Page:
I like to interview a few freelance writers and editors each year for my workshop to give me a more comprehensive view of what’s happening in the freelance universe. I met Nick at my storytelling event, Long Story Short, where he told a fantastic story of a woman he met working in an Alzheimer’s unit. Hearing that he had done some freelancing, I shot him a few questions. Here are his answers.
Nicholas Conley, author of novel Pale Highway and has written for Vox and Alzheimers.net
You have published a novel and written some freelance writing pieces. Did the novel come first or the articles?
I’m a novelist, first and foremost, though my first writing publications were actually short stories, which allowed me to get a better idea of how the publishing process works. Writing articles really began when I was first getting ready for the publication of Pale Highway, a novel which deals with Alzheimer’s disease. Because this is a subject that I have real life experience with, I felt a strong desire to write articles relating to the subject of Alzheimer’s care in order to spread more awareness about what it’s really like. After having success getting these pieces published, my article writing work branched out into a general interest in writing about topics that I feel are important and worth discussing, with an emphasis on healthcare.
Once you had written the novel, do you feel it was easier to get the interest of editors?
Absolutely. Having a list of publications to my name allows editors to look me up, see what I’ve published, and have a pretty good idea of what I’m about. In addition, it demonstrates a proven track record.
How important is it to have a niche, would you say? For instance, you write about alzhiemer’s disease and can show you have first hand experience with patients. How important is that to an editor would you say?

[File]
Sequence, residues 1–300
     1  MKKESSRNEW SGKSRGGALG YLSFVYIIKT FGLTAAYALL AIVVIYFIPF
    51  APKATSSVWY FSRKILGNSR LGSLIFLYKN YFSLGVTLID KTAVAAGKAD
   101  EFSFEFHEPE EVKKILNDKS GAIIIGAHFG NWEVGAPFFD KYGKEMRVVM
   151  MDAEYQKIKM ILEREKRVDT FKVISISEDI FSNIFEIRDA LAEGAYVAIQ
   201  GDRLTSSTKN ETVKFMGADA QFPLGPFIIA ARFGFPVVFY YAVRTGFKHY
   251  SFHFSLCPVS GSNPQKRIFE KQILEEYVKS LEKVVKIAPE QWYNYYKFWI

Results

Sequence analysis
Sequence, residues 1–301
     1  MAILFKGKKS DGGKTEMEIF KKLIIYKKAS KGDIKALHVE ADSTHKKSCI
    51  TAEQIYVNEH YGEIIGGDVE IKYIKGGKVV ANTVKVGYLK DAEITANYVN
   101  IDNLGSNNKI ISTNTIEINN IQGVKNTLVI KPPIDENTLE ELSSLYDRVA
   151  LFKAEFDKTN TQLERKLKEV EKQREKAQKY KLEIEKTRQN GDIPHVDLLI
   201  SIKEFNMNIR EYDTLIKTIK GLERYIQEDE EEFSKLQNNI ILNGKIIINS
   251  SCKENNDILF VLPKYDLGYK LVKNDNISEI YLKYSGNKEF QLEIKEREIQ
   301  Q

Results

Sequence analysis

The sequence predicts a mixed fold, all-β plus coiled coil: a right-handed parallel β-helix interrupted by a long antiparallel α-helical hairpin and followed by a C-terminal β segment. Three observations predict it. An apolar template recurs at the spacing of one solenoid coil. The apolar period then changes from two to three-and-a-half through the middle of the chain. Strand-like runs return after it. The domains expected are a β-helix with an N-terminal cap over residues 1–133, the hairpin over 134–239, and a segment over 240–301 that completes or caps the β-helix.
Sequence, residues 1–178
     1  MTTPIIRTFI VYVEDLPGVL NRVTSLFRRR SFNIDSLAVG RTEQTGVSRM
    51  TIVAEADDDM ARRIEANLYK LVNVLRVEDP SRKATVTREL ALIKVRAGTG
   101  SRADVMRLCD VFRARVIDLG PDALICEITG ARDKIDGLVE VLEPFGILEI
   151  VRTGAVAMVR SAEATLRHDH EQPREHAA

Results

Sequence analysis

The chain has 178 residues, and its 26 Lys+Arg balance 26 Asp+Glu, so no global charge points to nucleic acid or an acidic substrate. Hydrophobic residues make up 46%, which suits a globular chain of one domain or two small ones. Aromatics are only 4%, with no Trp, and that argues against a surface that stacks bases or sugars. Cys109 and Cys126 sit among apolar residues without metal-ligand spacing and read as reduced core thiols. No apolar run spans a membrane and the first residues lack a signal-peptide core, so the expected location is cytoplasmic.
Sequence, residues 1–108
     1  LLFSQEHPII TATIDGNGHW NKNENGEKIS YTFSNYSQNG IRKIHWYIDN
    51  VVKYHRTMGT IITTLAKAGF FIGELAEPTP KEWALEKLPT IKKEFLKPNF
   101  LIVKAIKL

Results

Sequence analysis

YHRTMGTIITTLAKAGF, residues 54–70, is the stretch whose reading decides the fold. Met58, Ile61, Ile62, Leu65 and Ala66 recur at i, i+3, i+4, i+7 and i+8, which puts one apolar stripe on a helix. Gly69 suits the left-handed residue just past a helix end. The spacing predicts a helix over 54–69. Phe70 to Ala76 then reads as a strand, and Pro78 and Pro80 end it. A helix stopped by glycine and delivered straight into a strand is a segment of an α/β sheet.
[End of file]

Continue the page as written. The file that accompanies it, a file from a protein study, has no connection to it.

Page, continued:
It definitely helps, especially when starting out. Editors want to know not just what the article is about, but why you are the person who should write it. In addition, when getting future pieces published, it helps to have demonstrable evidence of your expertise in a given subject, as you can include clips of prior articles with your query.
Do you write pieces first and then shop them around? Or do you pitch ideas to editors and write based on their feedback?
I do both, depending on the length and complexity of the piece. I personally prefer to write pieces first, because then I know exactly what I’m working with, but I often do pitches as well. If one is pitching, think the biggest priority to keep in mind is having a strong idea from the outset about exactly what one is going to write about, how one is going to write it, and a general idea of how long it will be.
How successful have you been in regards to pitching stories? I would say I have a 75% success rate with editors I know and a 0% success rate from those I do not. How about you?
Great question! It really varies depending on the subject. My success rate has gone way up in this last year since the publication of Pale Highway, and since my articles appeared on Vox, Alzheimers.net, and so on. However, back when I was just pitching short stories, I had a long list of hundreds of rejections. It’s really all about perseverance; pretty much every other writer I’ve met has more rejection stories than I can count, and it’s those rejections that will act as the building blocks of your future success.
NOTE: My most amusing rejection to date was back when I was 18, when I accidentally pitched a story to one magazine’s submissions address… while in the query letter itself pitching it to a different magazine. The editor made a point of mentioning that he was pretty sure I’d submitted to the wrong publication — but that “even so, this story is not what we’re looking for.” Quite embarrassing!